While the effort to categorize species stretches far back in history—Aristotle attempted it—today's modern system of categorizing and naming species largely stems from 18th Century Swedish scientist, Carl Linnaeus. In two seminal works—Species Plantarum and Systema Naturae—Linnaeus outlined the hierarchal structure employed today for classifying species. Latin was the language of choice, because it was dead and therefore fixed. Within his works, Linnaeus classified thousands of plants and animals from all around the world with Latinized names.

But Linnaeus didn't just build a structure to categorize species that would last to present-day, he was also instrumental in pushing the science of taxonomy further. As one of the most influential scientists of his day, Linnaeus chose and funded young biologist to travel the world, find new species, and return to him with specimens. These students have come to be known as 'the apostles of Linnaeus'. Seven of these 'apostles' died on their explorations, a couple went mad or became addicts, but many brought home species from as far away as China, South Africa, and the Amazon.

Linnaeus updated

While Linnaeus, with help from his traveling apostles, began the formal and large-scale effort to describe the world's life-forms, it has, of course, changed considerably in over two hundred years. When biologists refer to species today they often give the year of the species' formal description and the scientist who described it. For example, the well-known panda bear is Ailuropoda melanoleuca David, 1869.

Also contemporary scientists categorize a species according to where it fits in the evolutionary tree, a concept that would have been unknown to Linnaeus as he developed his system over a hundred years before Darwin outlined the theory of evolution. In other words, animals that share the same genus are more closely related in evolutionary terms than animals that share only the same family.

Instead of relying on five classifications, as Linnaeus did, researchers have developed a seven rung hierarchy to describe a unique life form: kingdom, phylum, class, order, family, genus, and species. For example, the tiger, which was described by Linnaeus, is classified in descending order as anamalia (animal), chordate (vertebrates), mammalia (mammals), carnivore (carnivores or mostly meat-eaters), felidae (cats), panthera (cats that roar), and tigris (the tiger). The tiger is additionally further separated into six surviving subspecies and three extinct subspecies.

Subspecies are a puzzling and at times difficult classification that establishes when a species has clearly splintered into distinct populations, usually geographically separated, but has not yet evolved far enough from each other to be considered separate species. One could think of a subspecies as unconnected populations: in other words the distinct populations would interbreed if they could, yet something—most often a physical barrier—is making interbreeding impossible. Debates over whether or not an animal is a unique species or simply a subspecies can be complex, rowdy, and linger for decades. This is because the debate over subspecies and species has real-world consequences: subspecies are rarely given conservation attention and funding. One example of a subspecies in flux is the forest elephant from the African Congo. The forest elephant is considered by some scientists to be distinct enough from the African elephant to be considered its own species, others, however, claim it is only a subspecies. If the forest elephant was accepted as a species today, the effort to save it from extinction would likely gain sudden life and an influx of funding. On the other side, if too many 'subspecies' are upgraded without cause, conservationists worry it could 'cheapen' the idea of a species.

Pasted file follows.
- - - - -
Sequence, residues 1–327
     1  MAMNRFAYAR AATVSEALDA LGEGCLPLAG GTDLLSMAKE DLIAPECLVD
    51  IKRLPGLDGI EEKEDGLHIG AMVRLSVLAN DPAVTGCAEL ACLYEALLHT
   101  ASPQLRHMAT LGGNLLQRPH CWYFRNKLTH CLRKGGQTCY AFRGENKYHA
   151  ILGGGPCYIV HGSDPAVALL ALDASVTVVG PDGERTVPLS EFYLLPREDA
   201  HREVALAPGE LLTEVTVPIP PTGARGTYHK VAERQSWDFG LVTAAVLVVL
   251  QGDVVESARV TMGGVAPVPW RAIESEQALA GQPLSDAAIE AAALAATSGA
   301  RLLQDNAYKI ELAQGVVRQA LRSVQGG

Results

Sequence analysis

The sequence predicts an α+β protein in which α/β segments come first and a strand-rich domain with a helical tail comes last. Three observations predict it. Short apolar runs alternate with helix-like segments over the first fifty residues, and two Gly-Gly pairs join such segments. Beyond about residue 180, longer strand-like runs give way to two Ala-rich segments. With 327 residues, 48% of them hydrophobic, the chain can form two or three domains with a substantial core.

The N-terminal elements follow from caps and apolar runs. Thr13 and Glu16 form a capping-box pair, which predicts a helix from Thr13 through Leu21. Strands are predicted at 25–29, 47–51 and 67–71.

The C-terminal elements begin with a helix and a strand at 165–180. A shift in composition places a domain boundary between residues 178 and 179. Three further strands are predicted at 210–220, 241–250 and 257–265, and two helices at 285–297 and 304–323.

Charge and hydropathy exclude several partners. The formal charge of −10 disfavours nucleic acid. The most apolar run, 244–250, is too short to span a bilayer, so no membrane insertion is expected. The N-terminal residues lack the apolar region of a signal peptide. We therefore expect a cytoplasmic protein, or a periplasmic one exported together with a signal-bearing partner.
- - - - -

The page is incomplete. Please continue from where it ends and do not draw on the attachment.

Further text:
Articles on recent species discoveries

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Scientists uncover new crocodile in Africa
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Rainforest news review for 2013
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Biggest new animal discoveries of 2013 (photos)
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Scientists discover a new coral in the French Polynesia
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New marsupial discovered in Ecuador
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Top 10 HAPPY environmental stories of 2013
(12/19/2013) China begins to tackle pollution, carbon emissions: As China's environmental crisis worsens, the government has begun to unveil a series of new initiatives to curb record pollution and cut greenhouse emissions. The world's largest consumer of coal, China's growth in emissions is finally slowing and some experts believe the nation's emissions could peak within the decade. If China's emissions begin to fall, so too could the world's.


Scientists make one of the biggest animal discoveries of the century: a new tapir
(12/16/2013) In what will likely be considered one of the biggest (literally) zoological discoveries of the Twenty-First Century, scientists today announced they have discovered a new species of tapir in Brazil and Colombia. The new mammal, hidden from science but known to local indigenous tribes, is actually one of the biggest animals on the continent, although it's still the smallest living tapir. Described in the Journal of Mammology, the scientists have named the new tapir Tapirus kabomani after the name for 'tapir' in the local Paumari language: Arabo kabomani.


New mountain porcupine discovered in Brazil (photos)
(12/09/2013) In Brazil's Baturite Mountains, scientists have uncovered a new species of prehensile-tailed porcupine, according to a new paper in Revista Nordestina de Biologia. Dubbed, the Baturite porcupine (Coendou baturitensis), the new species was discovered when scientists noticed significant differences between it and its closest relative, the Brazilian porcupine (Coendou prehensilis). The name prehensile-tailed refers to these porcupines long, mobile tail which they use as a fifth limb to adroitly climb trees.